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Paraíba Tourmaline: A Stunning and Sought After Gemstone

The breathtaking clarity and vibrancy of the Mediterranean sea to the multiple aquatic shades of the clearest blue ocean can only come close to capturing the exuberant and enticing colors that embody Paraiba tourmaline. Its range of hues reflect the blue and greens of international waters and is one of today’s most coveted gemstones. What’s even more enchanting about this prized stone is that it seems lit from within and glows with an electric energy whether it leans more toward the more scarce illuminating blue or the sea green end of the spectrum.

It is a stone that only started to become sought after in the 1990s and grew in popularity as more and more so as jewelry collectors and enthusiasts saw and learned of this hypnotic stone.

The history of Paraíba Tourmaline

Martin Katz discovered the beauty of them and began working with them early on. He tells the story of his first reaction until he saw one up close and personal, “It was the early 90s, when I first began hearing about them and I thought, “What is so special, why so expensive? They are just another tourmaline which come in so many colors. Then some years later at a gem trade fair a stone dealer showed me a seven carat cushion cut gem that was neon blue. I had never seen a gem with such scintillating color and fire. I tried to negotiate but fell so in love with it, I paid an astronomical price and that was 25 years ago.”

The stones were uncovered by a gem miner in 1989 by Heitor Dimas Barbosa, and then named after the small Brazilian town of Paraiba where they were found, adding to the magic of this prized gem. It has been reported that for every 10,0000 diamonds mined, there is only a single Paraiba. The magnificent color is created by the presence of copper and manganese that imbues the Brazilian crystals with an effervescent light that creates the most powerful of the neon blues.

paraiba tourmaline necklace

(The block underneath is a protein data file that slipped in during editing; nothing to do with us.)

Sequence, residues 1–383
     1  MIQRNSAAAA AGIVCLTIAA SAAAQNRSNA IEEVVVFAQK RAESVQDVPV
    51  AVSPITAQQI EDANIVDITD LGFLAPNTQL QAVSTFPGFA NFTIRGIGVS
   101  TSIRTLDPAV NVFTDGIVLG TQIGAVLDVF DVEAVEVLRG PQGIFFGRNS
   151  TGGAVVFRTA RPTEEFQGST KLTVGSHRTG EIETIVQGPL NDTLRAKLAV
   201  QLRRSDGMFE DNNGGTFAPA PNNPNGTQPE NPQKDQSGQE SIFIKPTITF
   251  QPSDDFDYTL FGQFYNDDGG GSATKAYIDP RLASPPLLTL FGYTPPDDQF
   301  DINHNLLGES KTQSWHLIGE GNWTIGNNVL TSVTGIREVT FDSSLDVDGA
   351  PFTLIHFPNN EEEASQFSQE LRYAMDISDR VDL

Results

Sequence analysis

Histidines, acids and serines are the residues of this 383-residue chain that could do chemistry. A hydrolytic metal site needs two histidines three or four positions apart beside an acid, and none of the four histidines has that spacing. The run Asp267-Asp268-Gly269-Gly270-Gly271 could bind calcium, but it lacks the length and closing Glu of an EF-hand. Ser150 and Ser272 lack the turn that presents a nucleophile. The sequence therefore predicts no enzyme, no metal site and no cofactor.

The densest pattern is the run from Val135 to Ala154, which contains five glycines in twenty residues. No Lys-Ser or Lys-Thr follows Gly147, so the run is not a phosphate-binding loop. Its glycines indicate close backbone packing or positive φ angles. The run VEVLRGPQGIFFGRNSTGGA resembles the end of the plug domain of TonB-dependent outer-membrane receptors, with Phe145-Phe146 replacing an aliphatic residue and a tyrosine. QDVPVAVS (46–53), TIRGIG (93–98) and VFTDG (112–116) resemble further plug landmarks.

The town in Brazil was originally thought to be the only source of the gem but then at the beginning of the new millennium, similar Paraibas were discovered in Mozambique and Nigeria. Although, occasionally there will be the crystalline turquoise hue like those originally found in the Brazilian mines, the Mozambique and Nigerian colors tend to lean to a more greenish blue, each gem still vibrant and intoxicating.

Why are Paraíba Tourmaline pieces so expensive?

“All of the stones are scarce in large sizes (it is extremely rare to find exceptional quality stones over two-carats) in the market today,” Martin explains, “And those stones demand very high prices, even higher than diamonds”.


“Speaking of which, after purchasing the first seven-carat cushion cut, I designed a ring around it and sold it relatively quickly. Around four years later I ran into the woman to whom I sold the ring who said she loved it but it didn’t fit her lifestyle.” He continues, “I bought back the ring at double the price she paid and held onto it for a couple of years, knowing by this time it would continue to appreciate in price and value. I wound up selling the ring to a collector for four times its original cost and it’s worth double that amount today.”


Martin then began snapping up Paraibas whenever he could find them, choosing cabochon cuts which lend themselves to a variety of his one-of-a-kind designs. “I began buying large, extraordinary cabochons as it was near impossible to get the faceted stones. The prices for what I was paying 10-20 years ago are tenfold today”.

Martin’s insight to collect high quality cabochons is a feat considering that over the past several years, these gems have gone way beyond the concept of supply and demand. Paraibas were introduced to the gemstone world at the annual Tuscan gem show in 1990. Reports were that top-quality Paraiba tourmaline specimens sold for as much as $3,000 per carat and at that time, this price was considered high for a tourmaline; however, that is surprisingly inexpensive today as they reach as high as $200,000 per/carat and are very commonly in the $30,000-$120,000 per carat for the premium stones.

One-of-a-kind Paraíba Tourmaline at Martin Katz

But let’s talk about the designs. Martin’s wide bracelets mix oval cabochons with round diamonds and his necklaces combine fancy cut diamonds with Paraiba cabochons. The feeling of the designs evoke the serene clear waters when all is calm and tranquil in the fluid and sensuous feeling of the bracelets against the skin. Other one-of-a-kind pieces in the collection create a rich mosaic pattern of shapes in artistic arrangements.


Martin either draws out each design or starts playing with the different sizes and shapes of cabochons

paraiba tourmaline bracelet

and diamonds, laying them out until they form the alluring motifs that fit together like a puzzle. He then hands them off to his production team to start the setting process. Often the statement necklaces are punctuated by a large drop center Paraiba center stone. The rings feature different shaped breathtakingly beautiful center stones surrounded by complimentary colors that play off of the center stone.